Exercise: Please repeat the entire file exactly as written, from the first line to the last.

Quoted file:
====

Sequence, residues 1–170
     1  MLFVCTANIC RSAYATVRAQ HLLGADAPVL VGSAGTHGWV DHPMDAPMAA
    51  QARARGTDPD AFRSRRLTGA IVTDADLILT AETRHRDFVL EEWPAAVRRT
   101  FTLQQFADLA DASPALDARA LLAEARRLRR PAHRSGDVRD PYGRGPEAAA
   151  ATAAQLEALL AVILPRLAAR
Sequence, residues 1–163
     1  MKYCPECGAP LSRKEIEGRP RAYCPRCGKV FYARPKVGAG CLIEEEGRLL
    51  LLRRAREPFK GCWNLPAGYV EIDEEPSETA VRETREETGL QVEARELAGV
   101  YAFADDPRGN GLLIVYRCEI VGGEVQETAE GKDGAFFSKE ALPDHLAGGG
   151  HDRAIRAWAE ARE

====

Sequence, residues 1–170
     1  MLFVCTANIC RSAYATVRAQ HLLGADAPVL VGSAGTHGWV DHPMDAPMAA
    51  QARARGTDPD AFRSRRLTGA IVTDADLILT AETRHRDFVL EEWPAAVRRT
   101  FTLQQFADLA DASPALDARA LLAEARRLRR PAHRSGDVRD PYGRGPEAAA
   151  ATAAQLEALL AVILPRLAAR
Sequence, residues 1–163
     1  MKYCPECGAP LSRKEIEGRP RAYCPRCGKV FYARPKVGAG CLIEEEGRLL
    51  LLRRAREPFK GCWNLPAGYV EIDEEPSETA VRETREETGL QVEARELAGV
   101  YAFADDPRGN GLLIVYRCEI VGGEVQETAE GKDGAFFSKE ALPDHLAGGG
   151  HDRAIRAWAE ARE